‘Everything Everywhere All at Once’ shows its audience how to fight with love


Michelle Yeoh as Evelyn Wang. Courtesy of A24.

By Marcus Cocova, Multimedia Managing Editor

Everything Everywhere All at Once is undoubtedly a masterpiece. Writers and directors Dan Kwan and Daniel Scheinert have leaped from the simple silliness and musings on confused love in Swiss Army Man to make viewers feel for everyone’s lovability.

Though splendid in all departments, it is the director and actor relationship that drives the meaning behind this film.

While the written word is certainly powerful, and this trait can be the key to successful drama, the beauty of this film is in its most silent moments of observation. 

Kwan and Scheinert, alongside Michelle Yeoh, Ke Huy Quan, Stephanie Hsu, and James Hong, bring together a perfect example of the practice of showing versus telling the audience.

Yeoh plays Evelyn Wang, an overworked head-of-household whose bitterness is inspired by her self-perception of being composed of her failures. She is just on the horizon of meeting her greatest failures yet, both financially and familially. 

This impending failure is interrupted by a multiverse traveling Quan, who plays Evelyn’s husband Waymond Wang. Yeoh and Quan complement each other as opposites with Quan being the silly father figure, countering Yeoh’s brashness.

Stephanie Hsu plays Joy Wang, the couple’s daughter. Hsu doubles as the story’s main antagonist, Jobu Tupaki. Joy and her grandfather, Gong Gong, work on opposite ends of Evelyn’s desire to maintain a relationship with both of them, to further burst her life into splinters. 

Stephanie Hsu, Michelle Yeoh, and Waymond Wang. Courtesy of A24.

The film ultimately resolves with the mending of fractured relationships between Evelyn, her father, and her daughter. The emotional payoff is sweetest, however, with characters who, for the sake of the main story arc, are intended to be more tertiary like Waymond and Jamie Lee Curtis’ Deirdre Beaubeirdra.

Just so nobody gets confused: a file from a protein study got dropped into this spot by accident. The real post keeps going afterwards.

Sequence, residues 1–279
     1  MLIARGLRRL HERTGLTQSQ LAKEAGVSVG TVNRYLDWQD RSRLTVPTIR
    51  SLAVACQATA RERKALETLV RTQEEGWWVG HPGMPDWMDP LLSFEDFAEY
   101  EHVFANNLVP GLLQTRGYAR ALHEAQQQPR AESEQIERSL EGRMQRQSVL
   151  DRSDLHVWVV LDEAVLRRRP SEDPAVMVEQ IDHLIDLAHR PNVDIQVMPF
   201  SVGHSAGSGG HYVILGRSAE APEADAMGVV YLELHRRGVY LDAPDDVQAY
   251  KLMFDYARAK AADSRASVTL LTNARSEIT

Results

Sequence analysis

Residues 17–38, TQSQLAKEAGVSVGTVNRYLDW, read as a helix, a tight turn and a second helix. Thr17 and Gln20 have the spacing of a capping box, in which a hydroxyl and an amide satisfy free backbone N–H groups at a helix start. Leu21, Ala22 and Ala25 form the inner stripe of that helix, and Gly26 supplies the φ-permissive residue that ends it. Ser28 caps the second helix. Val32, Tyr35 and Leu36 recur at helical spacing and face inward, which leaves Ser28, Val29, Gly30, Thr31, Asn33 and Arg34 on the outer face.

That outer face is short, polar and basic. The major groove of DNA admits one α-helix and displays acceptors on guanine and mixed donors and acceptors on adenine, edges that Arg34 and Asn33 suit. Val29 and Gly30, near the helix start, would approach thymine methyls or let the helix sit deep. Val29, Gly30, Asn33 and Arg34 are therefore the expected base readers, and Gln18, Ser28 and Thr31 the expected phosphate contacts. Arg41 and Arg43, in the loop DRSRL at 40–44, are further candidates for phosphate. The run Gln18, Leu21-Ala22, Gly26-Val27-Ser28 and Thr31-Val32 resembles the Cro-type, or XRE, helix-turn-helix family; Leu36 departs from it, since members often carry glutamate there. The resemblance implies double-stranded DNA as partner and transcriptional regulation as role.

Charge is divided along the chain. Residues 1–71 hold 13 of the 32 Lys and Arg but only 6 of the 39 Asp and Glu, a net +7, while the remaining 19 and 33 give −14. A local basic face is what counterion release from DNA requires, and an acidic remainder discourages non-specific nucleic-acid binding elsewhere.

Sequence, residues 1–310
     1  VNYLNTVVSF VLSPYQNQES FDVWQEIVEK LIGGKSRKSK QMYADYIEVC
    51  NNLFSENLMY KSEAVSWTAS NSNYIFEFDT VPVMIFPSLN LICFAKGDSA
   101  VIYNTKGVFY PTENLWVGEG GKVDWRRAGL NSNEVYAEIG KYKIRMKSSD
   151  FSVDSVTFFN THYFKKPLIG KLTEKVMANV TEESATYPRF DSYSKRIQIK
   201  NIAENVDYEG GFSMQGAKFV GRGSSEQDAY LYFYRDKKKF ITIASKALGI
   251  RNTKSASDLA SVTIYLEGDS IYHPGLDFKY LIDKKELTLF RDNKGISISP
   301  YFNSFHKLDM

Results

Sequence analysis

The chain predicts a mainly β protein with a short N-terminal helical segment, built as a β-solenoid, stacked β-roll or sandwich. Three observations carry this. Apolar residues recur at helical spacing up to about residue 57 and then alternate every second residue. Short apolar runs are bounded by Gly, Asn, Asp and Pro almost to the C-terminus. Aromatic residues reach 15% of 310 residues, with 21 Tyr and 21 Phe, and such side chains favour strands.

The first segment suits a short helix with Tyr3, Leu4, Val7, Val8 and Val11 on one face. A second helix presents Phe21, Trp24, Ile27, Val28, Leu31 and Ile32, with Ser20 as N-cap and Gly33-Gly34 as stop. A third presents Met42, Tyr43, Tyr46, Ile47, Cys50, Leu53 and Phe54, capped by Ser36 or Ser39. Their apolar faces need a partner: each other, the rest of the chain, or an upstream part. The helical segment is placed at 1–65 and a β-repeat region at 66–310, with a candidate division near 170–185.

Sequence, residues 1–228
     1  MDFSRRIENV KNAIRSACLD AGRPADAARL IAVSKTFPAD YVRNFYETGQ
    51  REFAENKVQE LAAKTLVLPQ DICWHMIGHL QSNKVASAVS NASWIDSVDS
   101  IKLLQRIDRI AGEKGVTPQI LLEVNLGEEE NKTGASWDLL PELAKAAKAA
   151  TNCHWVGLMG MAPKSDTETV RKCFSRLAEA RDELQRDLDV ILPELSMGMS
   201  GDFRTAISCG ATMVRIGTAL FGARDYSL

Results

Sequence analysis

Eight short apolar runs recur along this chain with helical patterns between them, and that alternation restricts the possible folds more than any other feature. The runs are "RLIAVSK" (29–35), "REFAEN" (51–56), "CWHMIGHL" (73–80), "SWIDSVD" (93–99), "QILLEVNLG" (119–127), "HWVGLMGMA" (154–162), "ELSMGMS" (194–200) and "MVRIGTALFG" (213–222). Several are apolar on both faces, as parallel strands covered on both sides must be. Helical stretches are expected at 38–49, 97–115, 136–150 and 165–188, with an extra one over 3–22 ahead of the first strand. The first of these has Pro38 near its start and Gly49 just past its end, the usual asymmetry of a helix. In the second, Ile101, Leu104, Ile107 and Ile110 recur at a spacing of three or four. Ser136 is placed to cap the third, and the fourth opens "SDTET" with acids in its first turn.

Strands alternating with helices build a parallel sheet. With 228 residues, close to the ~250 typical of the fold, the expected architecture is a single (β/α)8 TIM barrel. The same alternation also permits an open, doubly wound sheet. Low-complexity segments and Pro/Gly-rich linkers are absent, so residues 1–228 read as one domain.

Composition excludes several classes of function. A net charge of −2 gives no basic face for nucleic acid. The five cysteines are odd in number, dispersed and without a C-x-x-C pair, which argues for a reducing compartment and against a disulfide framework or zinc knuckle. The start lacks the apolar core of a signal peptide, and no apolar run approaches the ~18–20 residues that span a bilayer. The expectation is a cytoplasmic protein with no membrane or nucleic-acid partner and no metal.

Much of Evelyn’s demeanor towards Waymond is spiteful, even before she is presented with Waymond’s desire to end their marriage, leaving the viewer with questions about the couple’s relationship that are answered later.

The center of the film strikes and Waymond, in a few words, begs for his wife and her adversaries to cease their newly discovered knack for violence. He assures the combatants that he understands their confusion and fear, but he is certain of one thing: they may find a grounding resolve through their trust in kindness.

Rather than further a soliloquy dedicated to his passion for his wife and faith in the effects of love, the film slows down as its actors go silent and the audience is presented with images of Waymond as Evelyn reflects on their marriage, transpiring throughout multiple realities. 

This lack of exposition makes it so the audience cannot help but project the faces of their loved ones. They are coaxed into seeing their sunny memories of fondness with the ones they love over those of flashing fiction on the silver screen.

It is the subtle building of Yeoh and Quan’s tone, expressions, and overall delivery that provides the power of this punch.

Silence is broken when the couple are movie star versions of themselves, with Waymond telling Evelyn he would have been satisfied if they lived a life where they did laundry and taxes together, a reference to the main universe the film inhabits.

Evelyn sets down her arms, calmly turns to her husband, and says, “I’m learning to fight like you.” She moves forward in a fight scene, where she disarms her enemies by bringing them their greatest joy across the multiverse.

Moments like this are not exclusive to the married couple. Evelyn takes her lesson and extends her love. 

Evelyn confronts her father with her acceptance of her daughter being a lesbian, tells Beaubeirdra that she is worthy of love, and assures Joy that of all the universes she could choose from, she wants to inhabit the one where they are together.

As the film finds its close, the audience is shown a woman whose heart has changed. She has learned to fight with love. She has learned that everyone, everywhere, is dealing with everything all at once, and the best thing people can do is put forth love and kindness.

Michelle Yeoh and Jamie Lee Curtis. Courtesy of A24.